The Wergild Mercenary Guild charges a membership fee, but members receive top picks for a lot of good jobs. Businesses will hire extra guards or bouncers at times, as will merchants or explorers when who want to travel. Occasionally, a mercenary army will even be raised to combat monsters, bandits or a similar external threat. Those unafraid of a little labor can find work here in construction and hauling as well. And best of all, if you die while on the job, your next of kin get a cash payment to keep them out of the poorhouse for a while!
Out of town
The island of Kyper is miles across and mountainous. Its preeminent community is Fair Vickelt, with Low Vickelt in second place, but scattered across Kyper one can find dozens of tiny settlements, from lone hermits to bands of one or two hundred people who turn from farmers and hunters to bandits and pirates when the need arises. There are also eight communities of a few thousand individuals each that never fully assimilated into the dominant Archipelago culture. They have names for themselves; the following is how they are known in the Vickelts.
The Bronze Men are remnant communities of the Archipelago’s oldest known inhabitants, so called because they continue using bronze tools even now that iron-working and steel have been imported from the mainland. The Bronze Men on Kyper are divided into two main factions. One of these is relatively open, welcoming trade and hosting an Order hedge-wizard. The other is hostile to outsiders, isolationist and mistrustful, raiding when times are tough and vanishing into the ravines and caves when attacked in force.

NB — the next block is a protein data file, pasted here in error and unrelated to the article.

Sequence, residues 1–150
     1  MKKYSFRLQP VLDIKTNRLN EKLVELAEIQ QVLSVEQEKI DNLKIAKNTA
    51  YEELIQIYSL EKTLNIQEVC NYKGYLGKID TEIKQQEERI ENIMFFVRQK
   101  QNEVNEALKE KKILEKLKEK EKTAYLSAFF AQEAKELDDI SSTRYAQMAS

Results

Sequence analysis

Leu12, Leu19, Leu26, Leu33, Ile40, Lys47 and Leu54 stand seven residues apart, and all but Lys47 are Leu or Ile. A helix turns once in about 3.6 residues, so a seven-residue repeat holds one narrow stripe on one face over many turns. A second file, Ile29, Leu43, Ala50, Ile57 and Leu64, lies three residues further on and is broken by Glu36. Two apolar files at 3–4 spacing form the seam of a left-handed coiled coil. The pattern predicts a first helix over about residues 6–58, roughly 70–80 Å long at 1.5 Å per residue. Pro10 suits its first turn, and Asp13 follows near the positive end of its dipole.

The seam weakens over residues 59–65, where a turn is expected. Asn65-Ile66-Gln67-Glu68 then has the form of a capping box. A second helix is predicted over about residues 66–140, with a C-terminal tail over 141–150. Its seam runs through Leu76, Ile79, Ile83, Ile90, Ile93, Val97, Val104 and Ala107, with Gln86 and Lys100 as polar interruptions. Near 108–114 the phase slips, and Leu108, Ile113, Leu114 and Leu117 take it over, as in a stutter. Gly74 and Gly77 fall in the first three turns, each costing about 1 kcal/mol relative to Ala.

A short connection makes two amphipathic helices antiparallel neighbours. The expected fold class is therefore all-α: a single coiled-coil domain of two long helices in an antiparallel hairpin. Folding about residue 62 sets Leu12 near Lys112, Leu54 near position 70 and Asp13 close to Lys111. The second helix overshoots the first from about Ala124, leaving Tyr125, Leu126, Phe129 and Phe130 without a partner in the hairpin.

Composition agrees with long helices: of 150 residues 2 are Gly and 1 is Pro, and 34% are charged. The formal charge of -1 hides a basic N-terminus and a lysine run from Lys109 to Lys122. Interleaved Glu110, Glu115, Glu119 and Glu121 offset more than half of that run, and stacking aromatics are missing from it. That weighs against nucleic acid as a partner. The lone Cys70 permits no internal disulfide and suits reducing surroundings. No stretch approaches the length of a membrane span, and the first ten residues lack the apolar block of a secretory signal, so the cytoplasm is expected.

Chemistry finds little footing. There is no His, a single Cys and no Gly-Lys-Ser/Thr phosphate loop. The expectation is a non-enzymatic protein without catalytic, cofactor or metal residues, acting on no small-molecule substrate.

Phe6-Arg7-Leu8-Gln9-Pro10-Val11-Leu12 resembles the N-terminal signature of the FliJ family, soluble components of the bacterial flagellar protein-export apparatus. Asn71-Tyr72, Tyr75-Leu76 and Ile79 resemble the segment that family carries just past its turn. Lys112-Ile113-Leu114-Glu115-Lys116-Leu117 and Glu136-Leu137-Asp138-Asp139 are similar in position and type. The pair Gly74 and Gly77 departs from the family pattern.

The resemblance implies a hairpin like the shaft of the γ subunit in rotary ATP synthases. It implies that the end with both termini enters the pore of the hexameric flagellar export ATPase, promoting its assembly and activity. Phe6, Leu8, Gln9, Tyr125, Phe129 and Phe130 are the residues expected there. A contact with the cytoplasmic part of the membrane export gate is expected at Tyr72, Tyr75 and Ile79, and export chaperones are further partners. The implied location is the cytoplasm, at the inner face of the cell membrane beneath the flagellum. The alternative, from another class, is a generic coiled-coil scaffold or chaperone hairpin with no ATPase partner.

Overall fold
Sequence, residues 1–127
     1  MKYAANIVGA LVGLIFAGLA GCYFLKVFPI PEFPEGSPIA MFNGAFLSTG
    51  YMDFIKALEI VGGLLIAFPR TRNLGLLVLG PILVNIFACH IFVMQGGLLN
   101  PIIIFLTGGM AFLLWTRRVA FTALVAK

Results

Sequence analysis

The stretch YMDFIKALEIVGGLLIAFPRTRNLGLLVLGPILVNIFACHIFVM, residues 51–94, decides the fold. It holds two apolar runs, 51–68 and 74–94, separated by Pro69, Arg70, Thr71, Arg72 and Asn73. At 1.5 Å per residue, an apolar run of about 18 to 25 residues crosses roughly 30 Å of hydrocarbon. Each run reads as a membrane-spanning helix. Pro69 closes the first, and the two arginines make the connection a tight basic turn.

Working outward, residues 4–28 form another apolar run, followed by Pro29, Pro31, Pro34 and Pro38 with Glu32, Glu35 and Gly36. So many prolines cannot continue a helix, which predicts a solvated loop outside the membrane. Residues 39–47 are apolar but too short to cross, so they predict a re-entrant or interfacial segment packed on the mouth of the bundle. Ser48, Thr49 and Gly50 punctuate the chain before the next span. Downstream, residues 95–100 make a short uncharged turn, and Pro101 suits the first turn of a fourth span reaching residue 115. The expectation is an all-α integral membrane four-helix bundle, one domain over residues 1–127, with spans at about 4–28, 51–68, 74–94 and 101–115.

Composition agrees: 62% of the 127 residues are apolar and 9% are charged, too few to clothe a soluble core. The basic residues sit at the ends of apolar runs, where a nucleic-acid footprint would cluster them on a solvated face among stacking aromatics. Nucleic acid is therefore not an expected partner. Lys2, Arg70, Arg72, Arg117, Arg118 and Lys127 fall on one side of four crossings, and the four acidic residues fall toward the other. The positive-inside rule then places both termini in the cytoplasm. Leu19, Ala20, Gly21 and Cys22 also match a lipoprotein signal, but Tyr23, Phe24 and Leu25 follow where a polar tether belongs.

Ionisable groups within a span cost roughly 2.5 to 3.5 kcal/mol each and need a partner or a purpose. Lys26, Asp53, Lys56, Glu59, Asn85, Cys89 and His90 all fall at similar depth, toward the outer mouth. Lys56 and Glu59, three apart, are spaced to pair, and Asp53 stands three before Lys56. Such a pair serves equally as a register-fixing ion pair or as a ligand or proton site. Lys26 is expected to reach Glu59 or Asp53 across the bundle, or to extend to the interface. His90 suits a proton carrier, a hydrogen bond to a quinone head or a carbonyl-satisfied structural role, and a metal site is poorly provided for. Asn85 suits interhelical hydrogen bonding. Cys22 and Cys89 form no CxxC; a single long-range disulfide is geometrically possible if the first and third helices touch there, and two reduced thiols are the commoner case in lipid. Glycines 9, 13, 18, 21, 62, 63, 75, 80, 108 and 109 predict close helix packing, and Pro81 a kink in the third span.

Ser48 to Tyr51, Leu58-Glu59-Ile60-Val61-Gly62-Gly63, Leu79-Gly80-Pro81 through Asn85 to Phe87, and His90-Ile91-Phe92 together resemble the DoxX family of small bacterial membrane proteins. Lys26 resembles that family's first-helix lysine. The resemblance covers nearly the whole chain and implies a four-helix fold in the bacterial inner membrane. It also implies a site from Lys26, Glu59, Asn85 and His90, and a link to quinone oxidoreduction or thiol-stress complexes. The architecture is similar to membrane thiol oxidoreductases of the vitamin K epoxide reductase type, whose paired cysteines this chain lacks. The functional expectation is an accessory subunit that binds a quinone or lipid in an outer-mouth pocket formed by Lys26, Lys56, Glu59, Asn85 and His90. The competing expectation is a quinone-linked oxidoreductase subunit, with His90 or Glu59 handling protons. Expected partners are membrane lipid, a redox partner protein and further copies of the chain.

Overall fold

The Rune-Sailors are a quiet, seafaring tribe whose religious practices revolve around the manipulation of “sacred words.” Although a relatively peaceful group, they occasionally clash with Ordus’ fleet over fishing territory, and will attack anything Castoff or Slakiv on sight.
The Castoff tribes, the Hartii and Scantii, came to the island after the Bronze Men and Rune-Sailors and ruled it for a long time before breaking down into civil war. They have since been driven off of Kyper proper and now bicker and battle among themselves on a smaller island off of its northern coast. They are inveterate pirates, but only against targets they think they can defeat with impunity.
The Mudhoppers live in a marshy area on the far side of the island from the Vickelts. Peaceable and open to trade, but they depend for everything – their livings and protection – on the swamp. Trade with them can be very lucrative, but you have to go to them and make your way past all the others first.
The Ghoul-eaters live in the island’s center. Little is known of them other than that their magical traditions revolve around necromantic practices, they engage in trading or raiding only seldom, and they show zero tolerance to the Order and its agents.
The Redskins are the remnants of a Slakiv garrison… or rather, its women and children. The garrison was cut off from aid during the expulsion of Slakiv forces from the islands, and then assaulted by a combined force of local tribes, warlords, and pirates. The Slakiv men were massacred, every last one, but the women and children were taken as prizes and slaves, and their red skin and gray eyes still mark the community to this day, even as their practices were assimilated into the broader Archipelago culture.